So, I was afraid that one day, one of my director or someone in my team might be coming to me, talking to me about the latest or greatest technology, and I will have no idea what it is about.

My technology knowledge or skill would become obsolete. So, that was the fear that I had when I first became an engineering leader, just like this meme. So, someone would be talking about cookies or something, not like cookie, I know about cookies.

They're not that bad. (laughs) Or something else that I have no idea what it is about. And the rest of my struggle were mainly to do with my personality.

So I'm an introvert, as with most people in technology, and being a manager require a lot of human interaction. And this is what I used to fear when I was in a meeting with various people all day long, talking about different things, and this is what I used to fear.

And can I see a show of hands for any introvert here, if you know you're an introvert? So, I hope you can relate to me, or maybe I'm quite special. (laughs) Anyway so, this is what I used to fear when I was in the meeting.

And the last but not least, because I was a developer for more than a decade, I found that sometime, it was easier for me to do thing myself, fix this part or introduce this flow than to teach other people how to do it.

So those were the struggle that I faced in my early year as an engineering leader, and I believe that these are not unique to me. I think a lot of the engineering leader in their earlier career faced all this struggle as well. So now, I can hear you thinking, those were some great struggle, but how did I survive? And I myself survived because I'm standing here in front of you today, to share you my technique or my strategy for how to thrive as an engineering leader. So, let me share with you my strategy, which has helped me in my journey, and I hope they help you in your journey as well, regardless of where you are currently in your career. So, my first strategy is to seek first to understand. So, if there's anything that I truly believe in, it's that we must first understand ourself, and we must first change ourself and improve ourself in order to best serve others, and leadership is all about serving others. With that in mind, I unlearned a lot of things that I've learned in my early day, in my developer day, about what it took to be successful in my role, and what it is gonna take to be successful in my new role. So, what are the things that we need to understand? So, first in the list is your responsibilities. So, when you get promoted or when you take on an engineering leadership role, find out what you are expected to achieve in your new role, and I'm sure that, I'm pretty sure that it's not to write as many line of code as you could, or it's not fix as many bugs as you can.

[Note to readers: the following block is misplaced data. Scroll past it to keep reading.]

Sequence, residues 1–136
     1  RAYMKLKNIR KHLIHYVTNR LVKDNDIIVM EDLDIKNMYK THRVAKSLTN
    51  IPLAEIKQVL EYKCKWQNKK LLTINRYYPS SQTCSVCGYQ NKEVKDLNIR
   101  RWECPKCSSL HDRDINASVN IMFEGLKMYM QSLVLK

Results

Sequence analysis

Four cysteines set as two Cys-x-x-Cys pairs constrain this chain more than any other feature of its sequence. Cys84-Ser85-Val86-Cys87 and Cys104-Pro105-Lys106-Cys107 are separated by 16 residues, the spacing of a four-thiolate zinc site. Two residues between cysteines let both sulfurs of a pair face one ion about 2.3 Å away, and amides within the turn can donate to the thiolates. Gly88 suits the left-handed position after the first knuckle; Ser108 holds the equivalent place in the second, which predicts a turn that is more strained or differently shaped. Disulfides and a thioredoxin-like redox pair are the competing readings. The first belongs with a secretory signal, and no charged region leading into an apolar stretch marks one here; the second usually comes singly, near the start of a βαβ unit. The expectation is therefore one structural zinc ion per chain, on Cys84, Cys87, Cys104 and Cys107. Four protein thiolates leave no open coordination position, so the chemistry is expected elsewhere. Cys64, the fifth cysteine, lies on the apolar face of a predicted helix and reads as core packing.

It's possibly around delivering business result through technology, creating technology capability for your company, and expanding the team capability.

So, after you understand your role and responsibility, next up, you need to understand yourself.

So, I recommend everyone to do a recess about what kind of person that you are, what kind of leadership style that you want, and what sort of environment that you want to create for your team member.